• In cases of edema, oliguria, anuria, or hypertension, the dosage of Gan cao must be moderate (3-6g) and its administration should be of short duration. In other cases, for prolonged administration, a dosage of 10g per day should not be exceeded.
• Note: Sionneau lists the usual dosage of Gan cao at 6-10g.
K&R: Anti-inflammatory, anti-allergic, immune strengthener, estrogenic, luteotropic, antispasmodic, antiulcerative, vagolytic, febrifuge, antitussive, aldosterone stimulant, MAOI, stimulates the adrenal cortex.
• Improves fat digestion, reverses degeneration of liver cells by improving detoxification – for fatty liver, chronic hepatitis, to lower cholesterol.
• Increases interferon production.
• Eye drops: for conjunctivitis, blepharitis.
• Chronic gum infections.
• Prolonged use is suitable only for the water yin type (since it can lead to K+ loss and edema).
• Earth, water, and metal yin.
• Earth: GI ulcer and spasm, glossitis, stomatitis, herpes simplex infection, tooth plaque.
• Water: low immune function, depression, chronic infection, gonadal insufficiency, trichomonas infection.
• Metal: recurring, chronic respiratory tract infection, cough.
BII: Heals peptic ulcers (DGL preferred), estrogenic activity, aldosterone-like action (can cause sodium retention and hypertension – a high potassium, low sodium diet may prevent this), anti-inflammatory (cortisol-like action), anti-allergic, antihepatotoxic, antineoplastic, expectorant, antitussive, antiviral.
• Possible use in: HIV (seems to halt progress of the disease, may prevent decline of CD4s and CD8s), aphthous stomatitis (mouthwash), eczema, heartburn, hepatitis, inflammation, menopausal symptoms, periodontal disease.
JC: Aperient, demulcent, emollient, pectoral, slight stimulant, sialogogue, expectorant.
• Laxative or mildly purgative (by dose) to the entire intestinal tract: a moderate dose makes liquid stools within 3-12 hours (3-6 on an empty stomach).
• Useful for hemorrhoids.
• Healing to the glandular system.
• Heals mucous membranes.
Yoga: Yashti Madhu (honey stick): V, P-; K+(if used long term)
• Demulcent, expectorant, tonic, rejuvenative, laxative, sedative, nourishes the brain, increases cerebrospinal fluid.
• Sattvic – calms the mind, nurtures the spirit.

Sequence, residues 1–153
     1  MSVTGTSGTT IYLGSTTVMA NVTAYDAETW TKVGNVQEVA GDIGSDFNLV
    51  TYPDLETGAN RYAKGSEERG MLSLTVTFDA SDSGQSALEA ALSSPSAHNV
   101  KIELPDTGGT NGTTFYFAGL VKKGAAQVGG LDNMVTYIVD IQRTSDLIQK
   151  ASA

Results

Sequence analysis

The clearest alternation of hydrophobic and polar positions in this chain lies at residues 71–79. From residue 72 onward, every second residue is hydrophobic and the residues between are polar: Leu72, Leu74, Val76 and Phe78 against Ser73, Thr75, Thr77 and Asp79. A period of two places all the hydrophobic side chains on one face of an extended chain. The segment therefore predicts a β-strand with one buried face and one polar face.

• A large dose is a good emetic for cleansing the Lungs and stomach of Kapha.
Hsu: Detoxifies bacterial toxins, poisonous foods and drugs, toxins of metabolic products.
• Antispasmodic, inhibits gastric secretions caused by histamine, anti-inflammatory, antitussive, antiallergic, antiulcerative, expectorant, adrenocortical hormone-like effects.
HF: (The words of Zhang Xichun:) If processed, the tonic properties of licorice become enhanced, while if left unprocessed, it not only tonifies the center, but also disinhibits. It is therefore appropriate for the treatment of cholera. The theory that raw licorice has a disinhibiting effect can easily be proven in clinical practice. I once treated the child of a Mr. Wang from Kaiyuan. Endowed with a weak spleen and stomach, the boy suffered from serious indigestion and kept throwing up his food. Also, his urination was inhibited, producing edema in virtually every part of his body, as well as a large and distended belly. I prescribed fine licorice powder, to be mixed with an equal amount of the Western drug Pepsinum. I had him take one qian (3g) of this mixture three times per day. After several days, the vomiting stopped, the urination returned to normal, and the swelling and distention disappeared.
My friend Wei Ziba made it a habit to put some licorice in his teapot every day, pour hot water over it, and drink it like a tea. After about ten days, he noticed that both his stool and his urination started to get quite busy, and he stopped drinking the licorice water. When he saw me later, he related this to me and asked why an herb that is usually thought of as a tonic can disinhibit urination and bowel movements. I answered: “When cooked or processed, licorice tonifies; when used unprocessed, it disinhibits. Even though you put the herb into a teapot with hot water, it never got cooked. Therefore, its effect was still close to the raw herb, and therefore could disinhibit.”